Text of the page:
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Congressman Scott Tipton

Representing the 3rd District of Colorado

Tipton’s Water Rights Protection Act Passes House

July 13, 2017
Press Release

 

Congressman Scott Tipton’s (CO-03) bill to protect privately held water rights and uphold state water law passed the U.S. House of Representatives as part of the Gaining Responsibility On Water (GROW) Act of 2017 (H.R. 23).

Tipton’s bill, the Water Rights Protection Act (H.R. 2939), recently passed out of the House Natural Resources Committee with bipartisan support. The GROW Act passed the House with a bipartisan vote of 230-190.

“Federal attempts to manipulate federal permit, lease, and land management processes to circumvent long-established state water law and hijack privately-held water rights have sounded the alarm for non-federal water users. These attempts have been nothing more than an effort to further federalize water resources, erode state authority, and pave the way for unilateral mandates on state water resources,” Tipton said.

Tipton introduced the first version of the Water Rights Protection Act in the 113th Congress in response to the U.S. Forest Service’s (USFS) 2011 and 2012 ski area permit clauses, under which the agency was attempting to require the transfer of privately-held water rights to the federal government as a permit condition for ski areas operating on federal land. The Powderhorn Ski Area and Breckenridge Ski Resort had been impacted by the permit clauses. The Water Rights Protection Act would prohibit any federal agency from requiring the transfer of privately-held water rights as a permit condition

In 2014, the U.S. Forest Service (USFS) proposed the Groundwater Resource Management Directive, which gave the federal government jurisdiction over groundwater in a manner that was inconsistent with long-established state water law. The USFS has since withdrawn the measure, but it has indicated a desire to issue a revised directive in the future. The Water Rights Protection Act would require any future USFS directives to be consistent with state water law.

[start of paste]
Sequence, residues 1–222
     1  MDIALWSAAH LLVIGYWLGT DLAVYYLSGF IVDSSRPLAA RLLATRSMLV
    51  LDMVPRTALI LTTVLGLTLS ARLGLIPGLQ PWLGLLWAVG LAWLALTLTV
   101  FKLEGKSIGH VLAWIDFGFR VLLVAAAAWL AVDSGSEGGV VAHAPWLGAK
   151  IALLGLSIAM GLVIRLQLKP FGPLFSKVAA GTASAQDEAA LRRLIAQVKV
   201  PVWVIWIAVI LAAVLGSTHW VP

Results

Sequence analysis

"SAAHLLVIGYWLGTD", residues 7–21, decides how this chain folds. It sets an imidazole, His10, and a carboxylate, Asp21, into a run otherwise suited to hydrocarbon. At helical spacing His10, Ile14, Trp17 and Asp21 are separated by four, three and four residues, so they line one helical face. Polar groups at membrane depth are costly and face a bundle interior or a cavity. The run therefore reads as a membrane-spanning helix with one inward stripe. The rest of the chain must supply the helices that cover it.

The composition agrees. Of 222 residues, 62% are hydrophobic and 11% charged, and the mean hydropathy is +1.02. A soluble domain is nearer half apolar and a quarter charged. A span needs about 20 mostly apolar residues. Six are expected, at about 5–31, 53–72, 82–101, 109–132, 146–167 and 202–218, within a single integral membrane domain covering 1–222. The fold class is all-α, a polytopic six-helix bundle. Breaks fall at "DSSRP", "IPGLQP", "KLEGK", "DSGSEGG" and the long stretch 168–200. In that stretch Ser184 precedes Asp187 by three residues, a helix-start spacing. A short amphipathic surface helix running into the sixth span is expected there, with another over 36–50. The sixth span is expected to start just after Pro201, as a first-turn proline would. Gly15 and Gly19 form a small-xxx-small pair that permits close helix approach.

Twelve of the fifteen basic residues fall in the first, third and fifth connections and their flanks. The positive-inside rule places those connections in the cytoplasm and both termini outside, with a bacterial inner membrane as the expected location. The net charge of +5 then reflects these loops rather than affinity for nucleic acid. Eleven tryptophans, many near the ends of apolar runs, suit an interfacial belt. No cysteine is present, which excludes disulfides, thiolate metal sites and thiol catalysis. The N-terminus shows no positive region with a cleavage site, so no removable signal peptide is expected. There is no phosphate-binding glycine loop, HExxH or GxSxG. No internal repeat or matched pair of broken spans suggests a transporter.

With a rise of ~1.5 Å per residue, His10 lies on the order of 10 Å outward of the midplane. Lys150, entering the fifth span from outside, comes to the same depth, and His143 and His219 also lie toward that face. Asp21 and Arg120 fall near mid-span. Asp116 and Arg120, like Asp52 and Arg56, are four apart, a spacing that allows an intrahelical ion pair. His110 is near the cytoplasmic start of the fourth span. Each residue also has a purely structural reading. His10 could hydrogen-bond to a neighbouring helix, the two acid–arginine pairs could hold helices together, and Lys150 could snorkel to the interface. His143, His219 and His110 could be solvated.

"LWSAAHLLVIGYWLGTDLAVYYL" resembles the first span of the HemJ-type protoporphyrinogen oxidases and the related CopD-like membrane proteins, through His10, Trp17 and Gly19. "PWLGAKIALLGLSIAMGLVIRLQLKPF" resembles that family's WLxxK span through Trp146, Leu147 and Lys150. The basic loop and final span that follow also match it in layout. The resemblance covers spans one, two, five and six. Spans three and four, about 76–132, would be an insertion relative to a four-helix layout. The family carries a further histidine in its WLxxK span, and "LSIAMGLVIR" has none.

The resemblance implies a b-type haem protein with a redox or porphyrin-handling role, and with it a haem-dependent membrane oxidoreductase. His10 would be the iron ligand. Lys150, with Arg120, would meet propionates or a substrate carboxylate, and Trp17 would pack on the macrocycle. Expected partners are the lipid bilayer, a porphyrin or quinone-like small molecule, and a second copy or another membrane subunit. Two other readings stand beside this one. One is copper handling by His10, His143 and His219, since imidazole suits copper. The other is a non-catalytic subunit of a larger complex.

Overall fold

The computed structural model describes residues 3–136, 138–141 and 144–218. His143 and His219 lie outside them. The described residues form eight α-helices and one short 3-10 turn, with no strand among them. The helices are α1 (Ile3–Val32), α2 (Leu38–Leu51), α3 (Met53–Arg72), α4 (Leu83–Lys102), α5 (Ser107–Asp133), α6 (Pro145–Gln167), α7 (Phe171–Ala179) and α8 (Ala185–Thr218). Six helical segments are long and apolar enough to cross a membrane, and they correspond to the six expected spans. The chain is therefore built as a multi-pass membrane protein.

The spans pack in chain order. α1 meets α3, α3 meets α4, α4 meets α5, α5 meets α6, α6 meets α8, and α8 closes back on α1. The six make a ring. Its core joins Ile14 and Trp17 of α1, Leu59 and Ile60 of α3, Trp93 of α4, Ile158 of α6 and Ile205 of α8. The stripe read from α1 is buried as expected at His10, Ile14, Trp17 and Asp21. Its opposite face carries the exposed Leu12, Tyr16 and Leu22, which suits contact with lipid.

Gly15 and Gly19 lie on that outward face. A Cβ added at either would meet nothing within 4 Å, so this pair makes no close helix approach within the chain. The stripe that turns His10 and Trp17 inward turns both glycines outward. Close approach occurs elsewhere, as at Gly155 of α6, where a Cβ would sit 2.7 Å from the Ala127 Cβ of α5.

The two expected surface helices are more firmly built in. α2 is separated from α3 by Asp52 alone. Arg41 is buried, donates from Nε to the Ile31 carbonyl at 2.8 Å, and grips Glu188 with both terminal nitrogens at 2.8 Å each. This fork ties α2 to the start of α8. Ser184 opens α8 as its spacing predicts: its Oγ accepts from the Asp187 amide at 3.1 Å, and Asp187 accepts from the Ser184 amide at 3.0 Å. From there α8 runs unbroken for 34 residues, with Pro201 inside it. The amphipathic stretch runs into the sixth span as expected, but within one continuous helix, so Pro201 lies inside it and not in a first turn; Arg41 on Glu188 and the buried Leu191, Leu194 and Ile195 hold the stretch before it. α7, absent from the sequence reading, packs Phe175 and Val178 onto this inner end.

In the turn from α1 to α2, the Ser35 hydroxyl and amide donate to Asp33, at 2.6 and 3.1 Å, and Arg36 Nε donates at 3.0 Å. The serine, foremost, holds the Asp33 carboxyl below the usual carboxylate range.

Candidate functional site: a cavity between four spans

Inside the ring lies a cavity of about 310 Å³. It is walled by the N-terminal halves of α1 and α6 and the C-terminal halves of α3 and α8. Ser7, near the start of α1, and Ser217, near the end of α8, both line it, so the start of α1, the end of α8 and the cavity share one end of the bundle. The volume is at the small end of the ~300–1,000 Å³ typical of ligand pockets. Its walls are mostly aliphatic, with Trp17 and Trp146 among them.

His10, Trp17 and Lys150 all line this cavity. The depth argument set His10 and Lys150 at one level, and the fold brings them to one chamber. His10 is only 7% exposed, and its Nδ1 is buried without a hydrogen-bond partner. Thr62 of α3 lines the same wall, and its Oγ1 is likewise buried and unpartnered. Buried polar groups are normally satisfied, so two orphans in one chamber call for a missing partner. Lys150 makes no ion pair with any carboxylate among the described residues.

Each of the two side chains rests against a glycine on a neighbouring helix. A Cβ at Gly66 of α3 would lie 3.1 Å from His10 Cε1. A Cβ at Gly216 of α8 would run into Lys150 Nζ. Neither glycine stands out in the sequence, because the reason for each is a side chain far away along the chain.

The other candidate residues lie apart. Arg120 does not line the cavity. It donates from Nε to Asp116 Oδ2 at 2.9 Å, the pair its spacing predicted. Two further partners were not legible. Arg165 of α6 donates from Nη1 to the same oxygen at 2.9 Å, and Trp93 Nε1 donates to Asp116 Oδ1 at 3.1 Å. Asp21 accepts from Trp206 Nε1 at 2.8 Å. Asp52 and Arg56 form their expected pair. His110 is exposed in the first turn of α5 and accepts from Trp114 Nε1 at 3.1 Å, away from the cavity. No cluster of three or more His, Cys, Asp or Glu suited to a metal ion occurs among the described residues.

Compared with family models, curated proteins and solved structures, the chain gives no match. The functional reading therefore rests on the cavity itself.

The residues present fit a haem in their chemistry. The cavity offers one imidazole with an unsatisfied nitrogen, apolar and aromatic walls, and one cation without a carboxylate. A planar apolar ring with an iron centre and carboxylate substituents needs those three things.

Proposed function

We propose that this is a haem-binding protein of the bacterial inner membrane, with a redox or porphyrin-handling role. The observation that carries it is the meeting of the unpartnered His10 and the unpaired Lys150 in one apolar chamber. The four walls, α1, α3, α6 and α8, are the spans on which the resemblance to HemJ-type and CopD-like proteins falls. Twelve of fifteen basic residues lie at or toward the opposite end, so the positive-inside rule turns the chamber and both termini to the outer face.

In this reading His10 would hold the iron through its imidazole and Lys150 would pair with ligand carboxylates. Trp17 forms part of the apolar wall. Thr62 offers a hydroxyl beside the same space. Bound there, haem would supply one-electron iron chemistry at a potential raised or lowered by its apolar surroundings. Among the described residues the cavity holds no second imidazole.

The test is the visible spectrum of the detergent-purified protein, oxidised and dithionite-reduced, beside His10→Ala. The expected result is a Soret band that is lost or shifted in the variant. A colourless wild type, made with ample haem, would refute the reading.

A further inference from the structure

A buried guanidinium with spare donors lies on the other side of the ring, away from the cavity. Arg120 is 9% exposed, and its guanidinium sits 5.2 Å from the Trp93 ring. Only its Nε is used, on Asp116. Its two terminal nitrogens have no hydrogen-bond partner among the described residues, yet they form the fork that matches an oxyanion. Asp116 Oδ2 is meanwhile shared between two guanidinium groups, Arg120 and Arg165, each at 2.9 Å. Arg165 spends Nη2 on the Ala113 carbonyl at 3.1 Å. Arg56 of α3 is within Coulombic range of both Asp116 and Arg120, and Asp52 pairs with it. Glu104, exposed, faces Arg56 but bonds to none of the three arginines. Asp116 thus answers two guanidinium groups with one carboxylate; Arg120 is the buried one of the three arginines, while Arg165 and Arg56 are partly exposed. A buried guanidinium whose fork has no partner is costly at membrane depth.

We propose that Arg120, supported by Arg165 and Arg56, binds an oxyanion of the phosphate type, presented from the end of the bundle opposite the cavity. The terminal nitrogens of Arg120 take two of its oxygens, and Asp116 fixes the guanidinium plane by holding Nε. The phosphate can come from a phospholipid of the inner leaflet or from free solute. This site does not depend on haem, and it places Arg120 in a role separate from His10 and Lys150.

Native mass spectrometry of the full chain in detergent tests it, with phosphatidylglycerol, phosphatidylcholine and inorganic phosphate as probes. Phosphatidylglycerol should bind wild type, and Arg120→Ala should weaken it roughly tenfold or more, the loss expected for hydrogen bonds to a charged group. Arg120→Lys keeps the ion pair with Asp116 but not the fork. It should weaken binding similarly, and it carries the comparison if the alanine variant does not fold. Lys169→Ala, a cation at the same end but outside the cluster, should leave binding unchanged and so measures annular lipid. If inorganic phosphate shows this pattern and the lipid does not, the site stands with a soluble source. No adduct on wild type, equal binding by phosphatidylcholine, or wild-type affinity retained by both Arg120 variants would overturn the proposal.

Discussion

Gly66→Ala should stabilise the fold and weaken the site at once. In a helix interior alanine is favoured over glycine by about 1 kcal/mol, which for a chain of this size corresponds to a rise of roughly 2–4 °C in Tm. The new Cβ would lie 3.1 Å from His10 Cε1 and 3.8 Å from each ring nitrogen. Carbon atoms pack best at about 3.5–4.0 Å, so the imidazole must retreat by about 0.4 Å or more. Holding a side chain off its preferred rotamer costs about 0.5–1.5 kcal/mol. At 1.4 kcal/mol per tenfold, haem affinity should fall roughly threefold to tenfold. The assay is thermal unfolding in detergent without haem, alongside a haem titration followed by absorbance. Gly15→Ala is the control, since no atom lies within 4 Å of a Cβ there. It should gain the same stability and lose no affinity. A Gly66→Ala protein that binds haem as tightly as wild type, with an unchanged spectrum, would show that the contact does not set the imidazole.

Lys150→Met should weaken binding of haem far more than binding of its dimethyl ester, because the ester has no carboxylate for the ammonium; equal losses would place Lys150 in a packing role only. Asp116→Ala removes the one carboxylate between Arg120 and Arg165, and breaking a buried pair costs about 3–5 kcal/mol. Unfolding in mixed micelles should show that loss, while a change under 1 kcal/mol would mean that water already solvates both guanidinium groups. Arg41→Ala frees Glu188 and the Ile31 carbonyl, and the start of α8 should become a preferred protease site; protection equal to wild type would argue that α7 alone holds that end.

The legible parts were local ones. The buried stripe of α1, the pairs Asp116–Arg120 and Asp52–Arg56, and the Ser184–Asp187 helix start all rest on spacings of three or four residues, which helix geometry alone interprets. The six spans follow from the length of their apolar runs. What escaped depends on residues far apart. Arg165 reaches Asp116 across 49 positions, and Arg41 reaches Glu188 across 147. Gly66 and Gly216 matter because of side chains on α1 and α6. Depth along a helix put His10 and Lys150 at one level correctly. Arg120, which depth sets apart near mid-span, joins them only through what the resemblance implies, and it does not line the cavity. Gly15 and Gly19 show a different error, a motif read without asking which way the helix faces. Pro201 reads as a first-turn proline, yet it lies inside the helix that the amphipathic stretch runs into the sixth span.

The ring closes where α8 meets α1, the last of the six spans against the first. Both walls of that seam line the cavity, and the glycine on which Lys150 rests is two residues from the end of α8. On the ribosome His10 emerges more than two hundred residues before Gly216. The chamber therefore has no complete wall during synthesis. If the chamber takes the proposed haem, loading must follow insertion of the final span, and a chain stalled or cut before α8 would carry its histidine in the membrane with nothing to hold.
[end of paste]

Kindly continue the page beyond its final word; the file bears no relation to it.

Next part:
Additionally, the Bureau of Land Management has attempted to require farmers and ranchers across the West to turn over their privately-held water rights in order to renew their grazing and agriculture permits. United States Forest Service Chief Tom Tidwell could not guarantee U.S. Sen. Cory Gardner (R-CO) that farmers and ranchers would not be required to turn over their water rights in order to renew their land use permits in a hearing before the Senate Energy and Natural Resources Committee on June 15, 2017.

“Short of legislation codifying long-held state water law and priority-based systems, and to prohibit uncompensated takings, the federal government can continue its attempts to take water rights or restrict water users from accessing them. Water is the most precious resource we have in the arid west, and I’m glad that so many of my colleagues on both sides of the aisle recognize the importance of providing western water users with permanent protections from federal overreach,” Tipton added.

In the 115th Congress,  the Water Rights Protection Act has received support from the following groups: